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FineLine Launches NFC RFID Tag and Label Service Bureau
The company's customers can place an order online for NFC labels encoded with IDs linked to a URL, or other content or services, such as verifying that product is genuine.
According to Hoffman, FineLine sells labels made with Smartrac tags containing NXP Semiconductors' NTAG203 chips, such as Smartrac's BullsEye, though tag type varies according to each customer's needs.
What's more, FineLine can provide software service on a cloud-based server that helps a business monitor how often a tag is scanned, as well as when and where this occurs.
The most common application, Hoffman predicts, will be ClikSecure, a ClikGenie mobile application for brand protection and authentication. Brand owners of high-value products can have an NFC label attached to that product, such as a handbag or a bottle of wine. Brands often send auditors into stores, ports, loading docks and customs areas, in order to confirm products' authenticity in the supply chain, or as the goods are sold. By using NFC technology, the company can simply provide those auditors with NFC-enabled phones, such as Google's Nexus S model. An individual can then place his or her mobile phone within read range (a few inches) of the products, and determine whether that product has a valid NFC RFID tag. In this way, the auditor can ensure that the product is authentic.
The read data can also be saved on FineLine's cloud-based software and be provided to brand management, to collect information indicating which products the auditors have checked, and in which part of the world, based on GPS data from the phone. Smartrac also intends to market the ClikSecure mobile app to its customers for brand-protection applications. Details regarding how the app will be marketed have yet to be decided.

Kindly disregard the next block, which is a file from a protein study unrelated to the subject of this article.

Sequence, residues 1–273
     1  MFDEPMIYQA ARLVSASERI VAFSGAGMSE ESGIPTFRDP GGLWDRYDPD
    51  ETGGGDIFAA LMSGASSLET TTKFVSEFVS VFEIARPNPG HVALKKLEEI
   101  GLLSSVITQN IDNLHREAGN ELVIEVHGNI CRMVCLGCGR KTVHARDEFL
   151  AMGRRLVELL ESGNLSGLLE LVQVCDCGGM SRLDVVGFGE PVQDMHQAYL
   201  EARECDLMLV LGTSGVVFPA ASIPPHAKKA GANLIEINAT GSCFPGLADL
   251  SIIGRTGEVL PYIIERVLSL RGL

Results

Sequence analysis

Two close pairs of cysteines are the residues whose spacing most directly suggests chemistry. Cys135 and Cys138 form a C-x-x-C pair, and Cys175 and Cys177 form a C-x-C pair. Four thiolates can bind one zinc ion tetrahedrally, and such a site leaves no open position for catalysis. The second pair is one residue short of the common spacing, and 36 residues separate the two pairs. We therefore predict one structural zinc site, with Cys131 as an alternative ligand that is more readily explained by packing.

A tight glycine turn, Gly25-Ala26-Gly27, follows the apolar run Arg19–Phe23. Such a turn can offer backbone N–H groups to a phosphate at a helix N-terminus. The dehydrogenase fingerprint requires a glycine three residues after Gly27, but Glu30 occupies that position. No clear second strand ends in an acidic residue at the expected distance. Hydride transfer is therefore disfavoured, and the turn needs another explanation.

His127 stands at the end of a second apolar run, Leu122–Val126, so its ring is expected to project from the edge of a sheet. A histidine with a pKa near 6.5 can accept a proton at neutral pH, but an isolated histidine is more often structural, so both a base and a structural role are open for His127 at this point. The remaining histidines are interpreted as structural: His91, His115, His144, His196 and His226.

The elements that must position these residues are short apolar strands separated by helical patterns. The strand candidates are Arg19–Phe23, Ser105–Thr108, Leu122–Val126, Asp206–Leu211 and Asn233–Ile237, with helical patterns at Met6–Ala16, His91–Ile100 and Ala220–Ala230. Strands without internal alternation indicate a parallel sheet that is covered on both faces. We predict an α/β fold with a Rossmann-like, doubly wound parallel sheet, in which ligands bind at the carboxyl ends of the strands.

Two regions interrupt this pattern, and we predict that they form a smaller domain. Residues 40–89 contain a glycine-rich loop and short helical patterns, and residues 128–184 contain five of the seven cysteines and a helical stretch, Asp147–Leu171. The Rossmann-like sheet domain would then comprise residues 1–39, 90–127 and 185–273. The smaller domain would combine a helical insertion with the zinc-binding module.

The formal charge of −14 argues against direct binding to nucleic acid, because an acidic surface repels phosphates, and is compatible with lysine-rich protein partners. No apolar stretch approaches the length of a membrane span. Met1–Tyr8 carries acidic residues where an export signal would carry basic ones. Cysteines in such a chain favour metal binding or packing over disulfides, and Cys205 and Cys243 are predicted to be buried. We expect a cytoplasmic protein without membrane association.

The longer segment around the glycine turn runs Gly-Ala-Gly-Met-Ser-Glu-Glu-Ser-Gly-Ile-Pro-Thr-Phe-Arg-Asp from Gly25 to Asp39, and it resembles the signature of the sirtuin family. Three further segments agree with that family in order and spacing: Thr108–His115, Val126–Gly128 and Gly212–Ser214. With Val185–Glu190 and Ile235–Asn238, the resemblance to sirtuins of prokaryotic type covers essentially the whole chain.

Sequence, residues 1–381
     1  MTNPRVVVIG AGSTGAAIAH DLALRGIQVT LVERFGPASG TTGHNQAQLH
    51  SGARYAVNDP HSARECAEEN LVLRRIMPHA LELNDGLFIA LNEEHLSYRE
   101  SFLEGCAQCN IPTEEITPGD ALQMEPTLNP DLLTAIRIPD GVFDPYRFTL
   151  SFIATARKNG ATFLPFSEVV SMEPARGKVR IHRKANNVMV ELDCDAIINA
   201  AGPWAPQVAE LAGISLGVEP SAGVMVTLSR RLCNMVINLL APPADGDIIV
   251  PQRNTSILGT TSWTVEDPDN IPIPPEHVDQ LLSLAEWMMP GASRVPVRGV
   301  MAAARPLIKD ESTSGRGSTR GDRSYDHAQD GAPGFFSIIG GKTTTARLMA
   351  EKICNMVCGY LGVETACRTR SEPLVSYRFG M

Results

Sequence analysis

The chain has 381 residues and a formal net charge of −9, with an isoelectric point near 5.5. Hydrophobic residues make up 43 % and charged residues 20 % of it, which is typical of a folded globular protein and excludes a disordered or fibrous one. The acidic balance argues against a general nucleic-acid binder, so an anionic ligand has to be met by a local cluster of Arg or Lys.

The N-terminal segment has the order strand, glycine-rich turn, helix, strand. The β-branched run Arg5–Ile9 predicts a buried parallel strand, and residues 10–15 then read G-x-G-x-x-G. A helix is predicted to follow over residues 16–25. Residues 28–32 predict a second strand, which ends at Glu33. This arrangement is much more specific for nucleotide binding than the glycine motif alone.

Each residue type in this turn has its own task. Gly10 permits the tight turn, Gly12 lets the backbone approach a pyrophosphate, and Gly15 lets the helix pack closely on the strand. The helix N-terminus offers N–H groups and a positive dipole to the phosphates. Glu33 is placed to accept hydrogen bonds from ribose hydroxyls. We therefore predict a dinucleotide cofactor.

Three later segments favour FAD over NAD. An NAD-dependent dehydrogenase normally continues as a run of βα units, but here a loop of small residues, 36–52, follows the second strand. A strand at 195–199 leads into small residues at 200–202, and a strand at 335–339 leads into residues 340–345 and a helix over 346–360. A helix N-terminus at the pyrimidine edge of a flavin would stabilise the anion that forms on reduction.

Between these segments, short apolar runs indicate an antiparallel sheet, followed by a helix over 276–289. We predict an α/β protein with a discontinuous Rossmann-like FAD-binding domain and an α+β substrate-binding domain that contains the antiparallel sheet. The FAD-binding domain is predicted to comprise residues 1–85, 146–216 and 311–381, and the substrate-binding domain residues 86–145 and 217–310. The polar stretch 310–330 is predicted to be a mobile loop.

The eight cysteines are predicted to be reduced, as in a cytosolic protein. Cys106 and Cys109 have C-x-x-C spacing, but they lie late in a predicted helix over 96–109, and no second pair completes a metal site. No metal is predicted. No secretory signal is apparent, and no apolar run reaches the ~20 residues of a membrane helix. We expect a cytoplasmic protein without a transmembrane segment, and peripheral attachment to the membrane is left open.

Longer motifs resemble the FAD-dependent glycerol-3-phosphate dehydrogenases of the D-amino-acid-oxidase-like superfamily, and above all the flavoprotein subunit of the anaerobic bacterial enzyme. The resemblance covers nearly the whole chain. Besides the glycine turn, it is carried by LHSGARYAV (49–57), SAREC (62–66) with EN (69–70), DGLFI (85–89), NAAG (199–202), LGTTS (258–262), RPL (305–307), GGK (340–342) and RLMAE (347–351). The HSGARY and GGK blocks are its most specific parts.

Since launching its NFC service bureau last month, FineLine has received orders from a major brand in Europe that is interested in piloting the technology for the purpose of authentication. Several U.S. phone carriers plan to utilize the tags to provide URL links to consumers wishing to view how a phone's functions can be used. FineLine reports that it will also supply NFC labels to a product display company that will be tagging its kiosks. In the latter scenario, the label will include an NFC tag and a QR code so that a user can learn more about a particular product within the kiosk, by tapping his or her NFC phone or scanning the QR code.
To date, Hoffman says, the use cases "have been pretty diverse."
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